ISIS and their Mission

   Who is ISIS? What have they done? What do they want to accomplish? Where do they come from? These are the questions anybody should ask, who's not informed of the Sunni jihadist organization located in Syria and Iraq. 

   ISIS stands for Islamic State of Iraq and Syria, and is a self-proclaimed caliphate. A caliphate is an Islamic state that is headed by a caliph, a man who has extreme religious and political power from being chosen by Allah. The man who's in reign of ISIS, Abu Bakr al-Baghdadi (Caliph Ibrahim), self-proclaimed himself as a caliph, and is establishing ISIS to claim religious authority over all Muslims across the world. ISIS hopes to establish a world-wide caliphate, where Muslims will create a world-wide government under the path of jihad. That path, however, is very unlikely to be accomplished. It's pursued by Islamic extremists that commit atrocities and war crimes, and the majority of the Islamic audience do not consider that vision. 

   ISIS originated in Iraq at around 2004 (before undergoing numerous name changes), shortly after the invasion led by the USA in 2003. Many of today's leaders and military strategy advisors for ISIS, gained experience in guerrilla warfare against the American military. After the American military withdrew its last troops from Iraq in 2011, ISIS took advantage of several situations. The Iraqi insurgency between the Shia-central government and Sunni-militant groups continued at a larger scale. Syria became involved in a civil war, and there was no American military presence to interfere. ISIS took control of several regions in Iraq, and began to expand in Syria, establishing its headquarters in Ar-Raqqah, Syria. They've expanded to about 100,000 fighters, and that number continues to grow, as Syrian rebels who have originally fought against ISIS, are giving in to their side. They're noticing that the Sunni-extremist group is gaining the upper hand in its conquered territories, and would be involved in an inevitable loss.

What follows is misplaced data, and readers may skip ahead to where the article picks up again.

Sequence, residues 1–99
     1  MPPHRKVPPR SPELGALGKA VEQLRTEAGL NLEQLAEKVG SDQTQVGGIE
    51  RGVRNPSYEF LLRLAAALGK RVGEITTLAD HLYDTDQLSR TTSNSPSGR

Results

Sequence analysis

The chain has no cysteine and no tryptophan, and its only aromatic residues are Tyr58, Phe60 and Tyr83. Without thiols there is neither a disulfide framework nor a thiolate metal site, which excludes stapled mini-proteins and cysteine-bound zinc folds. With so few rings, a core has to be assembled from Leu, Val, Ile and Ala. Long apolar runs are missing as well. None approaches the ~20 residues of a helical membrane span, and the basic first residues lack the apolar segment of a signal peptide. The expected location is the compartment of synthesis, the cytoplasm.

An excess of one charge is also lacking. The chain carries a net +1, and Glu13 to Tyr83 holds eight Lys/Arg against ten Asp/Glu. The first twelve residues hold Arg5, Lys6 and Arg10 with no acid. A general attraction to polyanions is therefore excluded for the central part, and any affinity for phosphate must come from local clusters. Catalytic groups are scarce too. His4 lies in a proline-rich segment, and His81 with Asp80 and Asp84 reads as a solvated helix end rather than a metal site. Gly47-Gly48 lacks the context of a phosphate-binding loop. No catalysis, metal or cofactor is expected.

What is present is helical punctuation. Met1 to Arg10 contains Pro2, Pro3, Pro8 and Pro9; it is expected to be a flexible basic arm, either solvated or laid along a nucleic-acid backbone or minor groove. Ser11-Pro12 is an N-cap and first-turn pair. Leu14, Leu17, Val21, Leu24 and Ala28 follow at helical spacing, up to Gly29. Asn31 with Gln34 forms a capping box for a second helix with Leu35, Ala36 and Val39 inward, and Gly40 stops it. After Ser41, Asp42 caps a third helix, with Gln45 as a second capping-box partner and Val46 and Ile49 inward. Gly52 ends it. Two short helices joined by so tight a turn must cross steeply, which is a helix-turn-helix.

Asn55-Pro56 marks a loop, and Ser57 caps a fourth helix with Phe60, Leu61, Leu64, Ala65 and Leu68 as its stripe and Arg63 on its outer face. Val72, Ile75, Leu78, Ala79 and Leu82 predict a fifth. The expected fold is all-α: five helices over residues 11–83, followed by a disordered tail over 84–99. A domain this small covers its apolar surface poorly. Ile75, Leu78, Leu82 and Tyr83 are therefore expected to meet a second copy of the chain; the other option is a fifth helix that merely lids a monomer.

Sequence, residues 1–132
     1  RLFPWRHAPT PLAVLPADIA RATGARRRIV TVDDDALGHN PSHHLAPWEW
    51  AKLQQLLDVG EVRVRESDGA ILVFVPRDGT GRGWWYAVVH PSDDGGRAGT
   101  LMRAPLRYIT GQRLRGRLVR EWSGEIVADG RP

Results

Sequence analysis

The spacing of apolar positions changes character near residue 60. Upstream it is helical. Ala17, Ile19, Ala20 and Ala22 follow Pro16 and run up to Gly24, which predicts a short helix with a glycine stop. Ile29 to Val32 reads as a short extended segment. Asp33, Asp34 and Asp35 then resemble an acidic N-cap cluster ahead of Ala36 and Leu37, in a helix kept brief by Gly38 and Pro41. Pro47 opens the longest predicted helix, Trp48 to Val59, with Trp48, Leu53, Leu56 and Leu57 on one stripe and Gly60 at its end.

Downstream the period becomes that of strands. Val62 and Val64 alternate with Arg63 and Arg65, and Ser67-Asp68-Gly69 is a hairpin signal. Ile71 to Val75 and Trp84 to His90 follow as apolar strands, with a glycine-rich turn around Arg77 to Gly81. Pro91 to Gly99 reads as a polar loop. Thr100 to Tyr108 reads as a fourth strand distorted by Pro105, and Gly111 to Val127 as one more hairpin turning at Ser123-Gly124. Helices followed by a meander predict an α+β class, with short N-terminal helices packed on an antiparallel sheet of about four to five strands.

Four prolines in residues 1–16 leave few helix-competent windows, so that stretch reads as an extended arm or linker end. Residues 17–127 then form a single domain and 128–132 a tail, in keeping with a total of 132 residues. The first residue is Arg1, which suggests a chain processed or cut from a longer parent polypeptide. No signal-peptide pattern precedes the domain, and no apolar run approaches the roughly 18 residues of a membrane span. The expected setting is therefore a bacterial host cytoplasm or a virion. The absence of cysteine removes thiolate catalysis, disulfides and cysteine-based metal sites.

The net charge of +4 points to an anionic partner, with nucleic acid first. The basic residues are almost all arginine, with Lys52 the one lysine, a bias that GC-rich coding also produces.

ISIS is a force to be reckoned with. They're militarily superior to practically every rebel group that exists in the Middle East, they operate businesses in their controlled territories to generate wealth for funding their campaigns. They're able to (and do) pay their fighters $400-500 a month, and are developing traits that are affiliated with mafia and gang operations. What can we do about it?

   You've been informed, form an opinion.

Paulie Rosanski